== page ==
Outcomes can be defined as intermediate goals we must achieve in order to fulfill our purpose of transforming lives. Defining outcomes is a necessary step between articulating our mission and choosing programmatic strategies. Rendle writes, “an outcome is not for all time but the necessary next step of development toward the larger dream that God has but which we cannot yet fulfill.”
Jason Saul, in “Benchmarking for Nonprofits: How to Measure, Manage and Improve Performance,”defines an outcome as “a desired change in behavior or condition brought about by a particular set of activities or processes.” Outcomes must begin with verbs: If our purpose is to “raise the next generation together in the faith,” one of our priority outcomes might be to “improve community awareness of our summer youth program.” After clarifying our outcome, we can begin to figure out how to measure “increased community awareness.”
Several folks in the field have pointed out that you can get some clues about your outcomes by evaluating one of your programs and deploying the “Five Whys” technique. Keep asking why until you arrive at the ultimate thing you are trying to accomplish. If you notice a big gap between the program and your mission/purpose, then you are out of alignment—your program is likely not getting the results you are hoping for.
A few months ago, our conference took a bold step: We stopped requiring congregations to report weekly metrics. We went one step further and told our churches they could take a break from denominational reporting altogether for the next year. Needless to say, there was rejoicing across the land!
Looking in the mirror
Then we asked ourselves what we, as a denominational staff team, are trying to accomplish. What impact are we called to make? Instead of requiring numbers from our congregations, we decided to take a good look at ourselves. After we clarified our own desired impact, we pushed ourselves and asked what changes in our own behaviors would be called for if we were to make that impact.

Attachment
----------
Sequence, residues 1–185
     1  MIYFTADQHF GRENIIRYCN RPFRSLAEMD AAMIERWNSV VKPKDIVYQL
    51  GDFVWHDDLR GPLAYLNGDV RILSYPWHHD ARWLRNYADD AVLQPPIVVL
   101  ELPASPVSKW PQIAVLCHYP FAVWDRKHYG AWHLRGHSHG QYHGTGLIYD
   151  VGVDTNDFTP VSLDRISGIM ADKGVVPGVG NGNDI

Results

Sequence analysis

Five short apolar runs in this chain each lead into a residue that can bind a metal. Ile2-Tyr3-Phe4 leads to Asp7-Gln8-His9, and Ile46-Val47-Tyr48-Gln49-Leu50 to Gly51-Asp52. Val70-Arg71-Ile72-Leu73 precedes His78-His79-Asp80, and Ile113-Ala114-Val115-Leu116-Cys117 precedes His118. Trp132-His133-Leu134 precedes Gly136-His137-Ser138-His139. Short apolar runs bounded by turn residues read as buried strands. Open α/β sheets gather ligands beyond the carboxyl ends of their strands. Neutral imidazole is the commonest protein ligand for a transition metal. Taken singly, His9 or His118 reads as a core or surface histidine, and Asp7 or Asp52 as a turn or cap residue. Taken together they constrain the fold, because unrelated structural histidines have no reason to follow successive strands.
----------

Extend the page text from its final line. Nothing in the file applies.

This was not easy—it pushed us out of our comfort zone. Soon we were forced to acknowledge an uncomfortable truth: As a conference staff, we exist to help congregations and pastors thrive. But, like many congregations, our pattern over the years has been to make assumptions about what pastors and congregations need and throw “programming spaghetti” at the wall to see what sticks. We were not aligned to make the impact we wanted to make. We had not done the work to clarify our own intermediary steps—defining outcomes and articulating what we had to measure to determine if we were successful.
This process, called the Success Equation, was developed by Jason Saul of Mission Measurement, and it came as a revelation to me. Many leaders in religious institutions are not trained to think in these ways. Most congregations try to figure out how to determine their impact informally, but we need to learn to do it better so we can communicate the difference we intend to make, especially to those who support our work financially.
In this next phase of the pandemic as we begin a new chapter of the church’s history, congregations also need a streamlined approach to setting their priorities and goals. Success Equations might be the right tool to help us succeed.
Rev. Susan Nienaber is director of congregational vitality for the Minnesota Annual Conference.